On Saturday, a state election was held in Western Australia, resulting in a big win for the Labor party, after two terms out of office. The election turned in part on declining economic conditions and in part on the incumbent government’s proposal to privatise the electricity industry, an idea that has almost invariably proved electoral poison (it keeps coming up because of the massive financial and career benefits to those who can push it through). But the biggest factor was a deal done between two Trumpist political parties (a guide to our many versions of Trumpism here), the governing Liberal party (selling a combination of Trumpism and neoliberalism in the manner of the US Republicans) and Pauline Hanson’s One Nation. (The Liberals cut out their current coalition partners, the National Party, which had only one representative).
The result has been a disaster for both Trumpist groups. After polling near 10 per cent, One Nation got less than 5 per cent of the vote, and Hanson repeatedly made a fool of herself. The Liberals dropped 16 per cent, the biggest swing in WA history.
The problems don’t stop in WA. The Liberals and One Nation were well on the way to forming a national electoral alliance, with the possibility of a coalition government in states like Queensland. That now seems unlikely. But there are all sorts of obstacles to a clean break. One Nation has a bloc of votes in the national Senate, without which the government can’t pass rightwing legislation (it needs more minor party votes, but if ON votes against, there is no option but to deal with the Labor/Green opposition).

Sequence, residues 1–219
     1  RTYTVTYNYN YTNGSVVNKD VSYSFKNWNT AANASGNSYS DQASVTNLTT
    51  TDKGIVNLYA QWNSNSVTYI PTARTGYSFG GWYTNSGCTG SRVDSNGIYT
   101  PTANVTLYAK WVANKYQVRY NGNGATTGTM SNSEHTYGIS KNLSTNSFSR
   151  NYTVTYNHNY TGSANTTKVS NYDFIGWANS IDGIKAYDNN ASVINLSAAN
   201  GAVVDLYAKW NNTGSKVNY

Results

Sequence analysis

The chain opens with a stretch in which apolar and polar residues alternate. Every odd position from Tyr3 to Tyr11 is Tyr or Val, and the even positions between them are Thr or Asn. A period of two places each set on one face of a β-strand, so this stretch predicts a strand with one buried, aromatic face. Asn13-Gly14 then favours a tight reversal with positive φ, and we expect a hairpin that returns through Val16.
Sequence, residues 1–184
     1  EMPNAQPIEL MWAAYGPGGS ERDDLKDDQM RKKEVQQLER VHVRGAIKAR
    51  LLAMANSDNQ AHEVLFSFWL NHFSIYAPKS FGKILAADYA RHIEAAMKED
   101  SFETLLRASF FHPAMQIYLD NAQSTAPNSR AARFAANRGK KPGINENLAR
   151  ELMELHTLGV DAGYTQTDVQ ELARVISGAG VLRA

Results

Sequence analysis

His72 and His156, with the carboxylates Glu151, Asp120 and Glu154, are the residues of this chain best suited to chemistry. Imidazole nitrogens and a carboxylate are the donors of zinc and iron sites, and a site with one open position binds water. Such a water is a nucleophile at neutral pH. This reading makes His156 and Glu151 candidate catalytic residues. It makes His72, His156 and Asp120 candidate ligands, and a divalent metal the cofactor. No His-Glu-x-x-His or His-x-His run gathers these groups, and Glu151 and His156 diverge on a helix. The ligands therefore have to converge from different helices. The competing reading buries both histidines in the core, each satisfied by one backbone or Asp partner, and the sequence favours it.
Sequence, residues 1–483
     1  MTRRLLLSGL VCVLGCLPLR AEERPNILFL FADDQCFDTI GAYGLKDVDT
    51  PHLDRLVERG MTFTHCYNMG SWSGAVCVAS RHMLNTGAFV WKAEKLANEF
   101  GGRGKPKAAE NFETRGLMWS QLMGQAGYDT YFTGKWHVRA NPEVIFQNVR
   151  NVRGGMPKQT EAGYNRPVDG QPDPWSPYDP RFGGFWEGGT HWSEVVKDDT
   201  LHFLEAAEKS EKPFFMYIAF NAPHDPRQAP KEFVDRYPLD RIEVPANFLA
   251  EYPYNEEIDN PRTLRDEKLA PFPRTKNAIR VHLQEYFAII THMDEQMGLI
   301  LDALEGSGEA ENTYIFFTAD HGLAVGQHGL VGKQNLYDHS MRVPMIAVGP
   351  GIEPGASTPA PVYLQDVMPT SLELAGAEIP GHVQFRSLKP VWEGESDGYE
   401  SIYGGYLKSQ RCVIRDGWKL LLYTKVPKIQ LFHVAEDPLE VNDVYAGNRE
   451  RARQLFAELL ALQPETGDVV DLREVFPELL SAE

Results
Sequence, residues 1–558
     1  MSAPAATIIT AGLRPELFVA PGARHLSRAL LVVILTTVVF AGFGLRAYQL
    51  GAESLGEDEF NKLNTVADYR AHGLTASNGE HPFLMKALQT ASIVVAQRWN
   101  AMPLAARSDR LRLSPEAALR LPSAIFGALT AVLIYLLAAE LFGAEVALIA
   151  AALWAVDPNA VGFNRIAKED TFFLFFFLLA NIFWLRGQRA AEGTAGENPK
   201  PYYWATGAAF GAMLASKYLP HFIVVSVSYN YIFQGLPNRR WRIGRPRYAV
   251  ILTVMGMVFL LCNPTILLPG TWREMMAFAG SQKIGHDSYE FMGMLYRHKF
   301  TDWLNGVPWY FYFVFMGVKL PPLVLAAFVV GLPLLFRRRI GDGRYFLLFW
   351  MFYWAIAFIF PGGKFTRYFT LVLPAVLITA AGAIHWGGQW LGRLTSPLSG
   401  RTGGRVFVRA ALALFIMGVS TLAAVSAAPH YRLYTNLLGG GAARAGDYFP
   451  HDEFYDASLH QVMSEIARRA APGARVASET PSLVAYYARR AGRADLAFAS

More importantly, as I argued last time around there is hardly any difference, except stylistic, between One Nation and the mainstream right. An all-out attack on ON from the notionally centre-right PM, Malcolm Turnbull, would almost certainly spell the end of his already precarious leadership. So, he is temporising and ducking the issue.
The hopeful indication is that, at least in Australia, support for the different varieties of Trumpism seems to have topped out at around 40 per cent, at least when the choice is posed in explicit terms, and with Trump increasingly acting as a reference. Although the Liberal-National coalition scraped back in at last years election, but they are now lagging badly in opinion polls.
So, a small piece of good news, in a generally depressing world. Let’s hope coming elections in Europe show a similar reaction against Trump and Trumpism.